A decision was made to aid the fellow countrymen after the residents of New Glarus hear of the catastrophe. They collected money, which was a considerably larger sum than that they received as a loan sixteen years earlier, and dispatched it to help rebuild the town. After the tragic events, Glarus was rebuilt in accordance with the construction plans by Johann Caspar Wolff and Bernhard Simon.
Actually, this is not the only occasion, when the New World settlers came to rescue. Two decades after the fire, another town in the canton of Glarus -Elm – suffered from catastrophic loss. It was buried under a landslide resulting in 115 casualties. This time, once again, the residents of New Glarus sent $20,000 back to their native country to cover the loss.
The Pontifical Swiss Guard has its recruitment center in Glarus
The Pontifical Swiss Guard is the smallest army in the world with only up to 125 soldiers. It is maintained by the Holy See and has the main responsibility of protecting the safety of the Pope and the Apostolic Palace.
The Swiss Guard was founded by Pope Julius II in 1506 which makes it one of the oldest standing military units.
Today, the Swiss Guard is managed by a private agency. The basic requirements to be admitted to the army are quite unequivocal. The males must be Swiss citizens, younger than 30, and have completed the training with the Swiss Armed Forces with good merits. The uniform of the guards has a distinct Renaissance appearance of blue, orange, yellow, and red. In the modern days, the guards serve as private bodyguards of the Pope.
How to get to Glarus?
The closest international airport is in Zurich 60 km away from Glarus. Continue from Zurich via the railway or by car.
Glarus railway station is situated on the line connecting the Ziegelbrücke to Linthal . The Zürich S-Bahn service S25 serves the trains running between Zürich and Linthal, and the St. Gallen S-Bahn service S6 maintains the line connecting Rapperswil to Schwanden. Both services provide trains once every hour. That makes two trains per hour running from Ziegelbrücke to Schwanden. Two other stations – Ennenda and Netstal – are also served by the same trains.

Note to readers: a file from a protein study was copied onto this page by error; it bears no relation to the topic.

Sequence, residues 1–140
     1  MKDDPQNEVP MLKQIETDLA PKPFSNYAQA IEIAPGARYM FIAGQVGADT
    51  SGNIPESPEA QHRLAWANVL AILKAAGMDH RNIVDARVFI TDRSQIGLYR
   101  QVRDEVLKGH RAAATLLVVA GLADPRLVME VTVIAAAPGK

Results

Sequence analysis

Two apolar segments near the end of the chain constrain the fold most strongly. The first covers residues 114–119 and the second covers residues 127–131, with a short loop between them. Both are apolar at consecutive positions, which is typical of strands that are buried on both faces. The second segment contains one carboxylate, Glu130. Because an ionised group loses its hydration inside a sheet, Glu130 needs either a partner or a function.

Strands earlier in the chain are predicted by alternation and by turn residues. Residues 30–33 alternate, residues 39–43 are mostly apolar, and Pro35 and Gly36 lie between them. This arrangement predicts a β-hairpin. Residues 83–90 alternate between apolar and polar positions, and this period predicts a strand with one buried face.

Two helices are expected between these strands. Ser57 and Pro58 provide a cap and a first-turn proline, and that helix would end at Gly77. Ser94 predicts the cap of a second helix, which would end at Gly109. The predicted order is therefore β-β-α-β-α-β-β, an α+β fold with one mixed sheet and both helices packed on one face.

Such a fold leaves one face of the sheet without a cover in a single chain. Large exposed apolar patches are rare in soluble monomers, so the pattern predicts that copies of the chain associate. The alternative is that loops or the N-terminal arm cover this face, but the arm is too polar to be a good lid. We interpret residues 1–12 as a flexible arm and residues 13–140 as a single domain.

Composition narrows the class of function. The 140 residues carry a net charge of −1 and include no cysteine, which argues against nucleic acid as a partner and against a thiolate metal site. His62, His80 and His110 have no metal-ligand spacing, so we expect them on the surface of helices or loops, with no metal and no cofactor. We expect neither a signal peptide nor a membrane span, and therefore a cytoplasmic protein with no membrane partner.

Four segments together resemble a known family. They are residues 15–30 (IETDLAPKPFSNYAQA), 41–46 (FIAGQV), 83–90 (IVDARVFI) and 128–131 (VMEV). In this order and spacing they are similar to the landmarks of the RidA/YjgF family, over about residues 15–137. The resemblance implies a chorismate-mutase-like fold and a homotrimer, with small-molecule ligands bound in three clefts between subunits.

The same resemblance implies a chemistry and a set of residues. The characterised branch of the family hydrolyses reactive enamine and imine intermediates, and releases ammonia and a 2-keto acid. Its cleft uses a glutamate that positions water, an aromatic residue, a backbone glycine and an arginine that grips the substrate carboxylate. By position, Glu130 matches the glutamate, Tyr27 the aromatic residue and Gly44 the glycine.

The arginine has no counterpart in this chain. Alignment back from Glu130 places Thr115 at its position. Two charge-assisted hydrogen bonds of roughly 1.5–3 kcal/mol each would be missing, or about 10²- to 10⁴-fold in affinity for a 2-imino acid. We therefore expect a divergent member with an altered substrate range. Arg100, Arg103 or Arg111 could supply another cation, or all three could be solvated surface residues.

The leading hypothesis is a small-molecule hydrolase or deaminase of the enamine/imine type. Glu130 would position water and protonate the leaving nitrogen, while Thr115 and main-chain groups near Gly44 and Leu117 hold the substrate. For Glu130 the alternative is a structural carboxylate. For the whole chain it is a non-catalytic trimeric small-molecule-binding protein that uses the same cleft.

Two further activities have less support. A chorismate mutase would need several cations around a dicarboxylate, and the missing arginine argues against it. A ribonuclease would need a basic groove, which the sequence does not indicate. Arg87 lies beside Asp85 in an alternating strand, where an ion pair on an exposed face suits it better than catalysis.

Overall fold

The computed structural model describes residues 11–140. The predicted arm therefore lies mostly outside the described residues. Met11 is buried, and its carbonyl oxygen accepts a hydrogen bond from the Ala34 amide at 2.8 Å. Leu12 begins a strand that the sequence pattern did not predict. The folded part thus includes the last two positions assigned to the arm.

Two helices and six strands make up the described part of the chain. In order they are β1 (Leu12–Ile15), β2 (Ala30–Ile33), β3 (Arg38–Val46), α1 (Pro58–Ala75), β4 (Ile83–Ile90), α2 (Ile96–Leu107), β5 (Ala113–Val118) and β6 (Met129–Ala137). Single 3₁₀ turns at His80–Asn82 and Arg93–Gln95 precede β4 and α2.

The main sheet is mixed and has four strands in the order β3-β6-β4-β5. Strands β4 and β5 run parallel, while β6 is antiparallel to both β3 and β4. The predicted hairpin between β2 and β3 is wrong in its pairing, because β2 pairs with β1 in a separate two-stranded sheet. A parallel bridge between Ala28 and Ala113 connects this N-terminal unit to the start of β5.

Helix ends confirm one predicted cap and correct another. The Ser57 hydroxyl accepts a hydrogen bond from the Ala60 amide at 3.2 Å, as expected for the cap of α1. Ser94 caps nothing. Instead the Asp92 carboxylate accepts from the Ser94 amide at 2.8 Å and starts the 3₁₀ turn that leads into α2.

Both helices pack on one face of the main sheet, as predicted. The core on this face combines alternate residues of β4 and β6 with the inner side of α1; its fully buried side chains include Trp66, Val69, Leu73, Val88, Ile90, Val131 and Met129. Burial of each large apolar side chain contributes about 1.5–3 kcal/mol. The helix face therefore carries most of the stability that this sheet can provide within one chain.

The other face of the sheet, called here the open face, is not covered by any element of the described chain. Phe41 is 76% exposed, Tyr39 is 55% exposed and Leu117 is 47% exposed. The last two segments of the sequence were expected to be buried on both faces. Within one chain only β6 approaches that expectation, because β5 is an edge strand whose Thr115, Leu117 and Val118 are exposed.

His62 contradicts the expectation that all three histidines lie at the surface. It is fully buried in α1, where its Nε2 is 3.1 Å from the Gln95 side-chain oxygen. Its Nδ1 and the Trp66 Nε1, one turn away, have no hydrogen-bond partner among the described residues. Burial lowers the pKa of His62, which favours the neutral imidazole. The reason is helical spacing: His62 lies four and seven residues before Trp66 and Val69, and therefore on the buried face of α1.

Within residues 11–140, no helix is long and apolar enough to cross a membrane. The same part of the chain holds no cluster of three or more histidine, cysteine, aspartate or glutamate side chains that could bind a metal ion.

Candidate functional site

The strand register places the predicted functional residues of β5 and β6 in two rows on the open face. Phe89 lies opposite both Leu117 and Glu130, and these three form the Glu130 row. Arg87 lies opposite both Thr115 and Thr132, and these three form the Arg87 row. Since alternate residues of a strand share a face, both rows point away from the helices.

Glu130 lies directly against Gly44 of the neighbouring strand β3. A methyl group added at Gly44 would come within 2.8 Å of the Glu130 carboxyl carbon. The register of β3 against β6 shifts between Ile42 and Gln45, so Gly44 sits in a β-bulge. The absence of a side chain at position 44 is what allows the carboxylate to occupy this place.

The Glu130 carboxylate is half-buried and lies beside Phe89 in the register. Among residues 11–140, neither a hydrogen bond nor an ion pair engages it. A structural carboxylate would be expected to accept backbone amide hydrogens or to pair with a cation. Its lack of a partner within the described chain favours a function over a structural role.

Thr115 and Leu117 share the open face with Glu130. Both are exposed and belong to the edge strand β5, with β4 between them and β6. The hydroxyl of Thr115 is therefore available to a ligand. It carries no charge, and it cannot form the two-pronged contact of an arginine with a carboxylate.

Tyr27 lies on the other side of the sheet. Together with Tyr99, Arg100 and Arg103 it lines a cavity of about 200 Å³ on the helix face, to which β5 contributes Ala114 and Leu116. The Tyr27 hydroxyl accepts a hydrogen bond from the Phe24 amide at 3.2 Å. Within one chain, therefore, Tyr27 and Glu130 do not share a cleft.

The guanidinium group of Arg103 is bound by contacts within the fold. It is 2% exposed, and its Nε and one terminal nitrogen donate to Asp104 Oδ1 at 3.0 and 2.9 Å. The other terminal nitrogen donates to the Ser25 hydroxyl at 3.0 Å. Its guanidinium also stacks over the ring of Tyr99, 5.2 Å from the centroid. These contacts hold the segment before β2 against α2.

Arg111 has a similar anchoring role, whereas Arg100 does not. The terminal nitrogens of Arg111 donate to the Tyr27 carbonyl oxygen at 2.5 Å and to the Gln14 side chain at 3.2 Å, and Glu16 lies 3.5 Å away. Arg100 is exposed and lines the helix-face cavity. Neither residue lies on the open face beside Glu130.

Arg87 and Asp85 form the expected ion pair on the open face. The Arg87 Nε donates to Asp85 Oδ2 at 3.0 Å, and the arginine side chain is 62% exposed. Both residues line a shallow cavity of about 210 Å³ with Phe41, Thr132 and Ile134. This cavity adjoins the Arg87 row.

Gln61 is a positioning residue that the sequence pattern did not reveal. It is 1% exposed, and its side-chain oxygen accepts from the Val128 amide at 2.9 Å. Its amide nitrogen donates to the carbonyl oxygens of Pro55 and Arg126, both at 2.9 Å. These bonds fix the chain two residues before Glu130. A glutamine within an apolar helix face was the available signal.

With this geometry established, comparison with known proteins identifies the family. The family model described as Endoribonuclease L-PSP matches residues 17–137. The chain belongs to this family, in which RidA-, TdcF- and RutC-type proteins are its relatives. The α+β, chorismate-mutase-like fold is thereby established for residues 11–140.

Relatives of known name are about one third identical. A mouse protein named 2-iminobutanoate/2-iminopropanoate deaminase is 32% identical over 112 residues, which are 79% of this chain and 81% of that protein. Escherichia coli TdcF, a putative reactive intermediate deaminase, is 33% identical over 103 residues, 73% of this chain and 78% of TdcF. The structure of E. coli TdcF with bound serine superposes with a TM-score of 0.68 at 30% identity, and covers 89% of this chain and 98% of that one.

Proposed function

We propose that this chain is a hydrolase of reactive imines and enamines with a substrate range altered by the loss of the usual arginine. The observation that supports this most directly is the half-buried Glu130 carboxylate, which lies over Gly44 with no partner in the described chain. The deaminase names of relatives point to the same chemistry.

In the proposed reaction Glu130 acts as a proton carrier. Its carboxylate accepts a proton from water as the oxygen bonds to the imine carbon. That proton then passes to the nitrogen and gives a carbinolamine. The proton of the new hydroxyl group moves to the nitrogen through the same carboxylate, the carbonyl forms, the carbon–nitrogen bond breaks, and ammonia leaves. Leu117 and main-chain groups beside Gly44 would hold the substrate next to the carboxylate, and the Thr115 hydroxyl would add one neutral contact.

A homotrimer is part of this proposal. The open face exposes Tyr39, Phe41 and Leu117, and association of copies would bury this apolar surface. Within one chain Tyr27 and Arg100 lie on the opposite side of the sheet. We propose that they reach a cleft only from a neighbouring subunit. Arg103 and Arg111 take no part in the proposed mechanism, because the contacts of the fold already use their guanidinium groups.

The town is also directly accessible from Zurich by the Glarnersprinter. Though this train runs irregularly, there is an hourly connection with the express train from Zurich to Ziegelbrücke (continue to Chur), then change to the regional train to Linthtal, often better suited for the journey.
By car or by bus:
Traveling by car has always been one of the most enjoyable ways to travel, especially in Switzerland, which offers fantastic views at every turn. Glarus is not an exception, so pick a car, if can allow that – the distance is considerable. Go from Zurich, take the A3 motorway to the Niederurnen exit. From the exit, take the main road 17 via Näfels to Glarus.
In the summer it would also be possible to travel via Klausenpass. However, this pass is not recommended for vehicles with trailers. For vehicles up to 2.30 m the maximum weight is18 tons; in general, trailers are prohibited except max 1.90 m wide and max 4.50 m long.
This way of transportation would prove particularly useful, if you plan to get a little bit further inside the canton, since a further connection south than the capital is not available by train. Road 17 however, goes further south in the direction of Altdorf.